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Neuromechanics in humans, other animals and robots

Abstract

Humans and other animals have a remarkable agility which allows them to navigate
complex environments with grace. This motor dexterity is still poorly understood
scientifically. We believe the reason for this is that motor coordination cannot be
understood by studying the nervous system in isolation. Indeed, the biomechanical
properties of the human or animal body have a key role in shaping the motor pattern. This
workshop brings together researchers working at the interface of experimental
biomechanics and computational neuroscience. Its purpose is to discuss the insights that
can be gained into neural function by investigating the integration of neural control with
musculoskeletal biomechanics.
The first session will compare the neural control of locomotion in different species, in
relation to their limb design, ranging from quadrupedal animals such as dogs (Dr. Andrada)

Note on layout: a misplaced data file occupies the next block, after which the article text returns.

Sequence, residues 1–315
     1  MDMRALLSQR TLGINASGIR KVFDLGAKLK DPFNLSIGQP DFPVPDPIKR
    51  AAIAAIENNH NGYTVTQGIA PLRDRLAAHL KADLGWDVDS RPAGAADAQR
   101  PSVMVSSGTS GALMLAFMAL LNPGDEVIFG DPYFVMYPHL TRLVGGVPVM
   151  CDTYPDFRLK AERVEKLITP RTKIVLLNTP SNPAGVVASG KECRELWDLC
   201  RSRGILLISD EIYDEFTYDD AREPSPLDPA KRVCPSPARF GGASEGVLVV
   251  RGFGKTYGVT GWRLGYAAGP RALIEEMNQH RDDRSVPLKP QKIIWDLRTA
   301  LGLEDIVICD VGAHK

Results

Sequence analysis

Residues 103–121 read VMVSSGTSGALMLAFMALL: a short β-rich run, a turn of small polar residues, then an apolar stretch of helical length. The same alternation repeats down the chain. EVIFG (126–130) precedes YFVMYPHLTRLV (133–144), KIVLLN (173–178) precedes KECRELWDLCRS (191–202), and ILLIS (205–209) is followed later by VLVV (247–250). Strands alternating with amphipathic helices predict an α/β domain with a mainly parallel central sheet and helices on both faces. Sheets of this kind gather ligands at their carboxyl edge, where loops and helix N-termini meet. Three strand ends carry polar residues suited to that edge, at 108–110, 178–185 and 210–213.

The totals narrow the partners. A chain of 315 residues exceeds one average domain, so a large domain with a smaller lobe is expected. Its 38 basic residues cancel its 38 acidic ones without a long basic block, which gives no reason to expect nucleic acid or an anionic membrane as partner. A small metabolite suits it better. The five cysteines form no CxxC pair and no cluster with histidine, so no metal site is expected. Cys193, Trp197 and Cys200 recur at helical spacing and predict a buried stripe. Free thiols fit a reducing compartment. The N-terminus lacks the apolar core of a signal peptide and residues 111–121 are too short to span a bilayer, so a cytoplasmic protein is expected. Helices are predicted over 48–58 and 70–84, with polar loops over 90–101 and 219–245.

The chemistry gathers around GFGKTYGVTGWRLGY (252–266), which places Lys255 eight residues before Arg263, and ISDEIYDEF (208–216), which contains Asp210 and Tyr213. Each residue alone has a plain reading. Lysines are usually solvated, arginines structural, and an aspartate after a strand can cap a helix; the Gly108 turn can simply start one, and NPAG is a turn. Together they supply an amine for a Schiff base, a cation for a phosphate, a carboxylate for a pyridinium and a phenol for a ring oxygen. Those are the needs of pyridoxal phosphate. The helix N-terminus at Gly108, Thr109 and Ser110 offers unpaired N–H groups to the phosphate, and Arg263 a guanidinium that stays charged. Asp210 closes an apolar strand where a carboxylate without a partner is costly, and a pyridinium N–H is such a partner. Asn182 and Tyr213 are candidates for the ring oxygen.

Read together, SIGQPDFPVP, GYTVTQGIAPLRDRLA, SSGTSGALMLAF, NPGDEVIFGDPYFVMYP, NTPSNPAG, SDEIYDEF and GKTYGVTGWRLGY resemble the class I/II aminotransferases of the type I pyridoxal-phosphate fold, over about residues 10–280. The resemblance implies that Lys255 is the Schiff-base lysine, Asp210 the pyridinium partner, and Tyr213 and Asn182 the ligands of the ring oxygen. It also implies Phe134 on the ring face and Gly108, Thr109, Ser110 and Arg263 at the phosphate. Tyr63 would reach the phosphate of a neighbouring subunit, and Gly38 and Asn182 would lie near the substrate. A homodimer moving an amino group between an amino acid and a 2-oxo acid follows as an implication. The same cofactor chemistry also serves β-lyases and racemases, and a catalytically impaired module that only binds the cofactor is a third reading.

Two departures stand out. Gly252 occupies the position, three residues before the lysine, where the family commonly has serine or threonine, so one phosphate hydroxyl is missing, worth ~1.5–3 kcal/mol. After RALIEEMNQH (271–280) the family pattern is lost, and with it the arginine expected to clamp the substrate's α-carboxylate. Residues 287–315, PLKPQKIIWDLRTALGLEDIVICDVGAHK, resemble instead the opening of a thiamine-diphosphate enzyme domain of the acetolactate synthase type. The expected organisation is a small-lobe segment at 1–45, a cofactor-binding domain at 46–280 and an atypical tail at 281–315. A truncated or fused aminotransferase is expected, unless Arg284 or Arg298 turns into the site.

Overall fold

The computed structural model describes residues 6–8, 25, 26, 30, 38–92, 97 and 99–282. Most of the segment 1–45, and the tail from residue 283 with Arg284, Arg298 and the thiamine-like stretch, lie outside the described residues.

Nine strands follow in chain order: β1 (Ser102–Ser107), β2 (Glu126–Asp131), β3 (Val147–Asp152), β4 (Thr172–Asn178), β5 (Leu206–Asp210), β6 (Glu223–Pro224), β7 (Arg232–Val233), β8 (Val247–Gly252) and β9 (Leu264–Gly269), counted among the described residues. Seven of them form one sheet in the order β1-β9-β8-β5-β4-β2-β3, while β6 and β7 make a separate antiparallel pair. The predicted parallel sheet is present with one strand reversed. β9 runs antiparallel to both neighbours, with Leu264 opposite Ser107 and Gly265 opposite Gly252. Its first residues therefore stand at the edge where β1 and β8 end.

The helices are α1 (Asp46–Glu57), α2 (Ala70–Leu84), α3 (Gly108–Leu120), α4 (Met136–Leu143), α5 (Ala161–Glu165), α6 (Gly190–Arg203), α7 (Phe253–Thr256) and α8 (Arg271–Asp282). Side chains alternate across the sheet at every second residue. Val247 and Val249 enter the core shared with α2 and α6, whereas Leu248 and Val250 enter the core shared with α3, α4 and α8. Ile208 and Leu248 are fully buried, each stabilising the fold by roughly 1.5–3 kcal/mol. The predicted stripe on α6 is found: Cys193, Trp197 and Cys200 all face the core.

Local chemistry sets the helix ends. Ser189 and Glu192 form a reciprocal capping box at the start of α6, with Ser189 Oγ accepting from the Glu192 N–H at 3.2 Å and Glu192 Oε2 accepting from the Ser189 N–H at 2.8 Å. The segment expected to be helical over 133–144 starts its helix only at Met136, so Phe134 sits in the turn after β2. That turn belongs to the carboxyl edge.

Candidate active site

to bipedal animals such as birds and humans (Prof. Dr. Daley). The approaches presented
combine animal experimentation with neuro-musculoskeletal modeling and simulation. The
hypotheses developed can then be tested in biorobotics by directly observing the influence
of different leg designs on locomotor control (Dr. Spröwitz). The second session will
explore how the neural control of movement in humans changes over the course of sports
practice, aging, and disease, in relation to changing biomechanics. By combining human
experiments with personalized neuro-musculoskeletal modeling (Prof. Wagner), training
interventions tailored to an individual’s characteristics can be developed.

 

Speakers list
(Further speaker and schedule to be announced)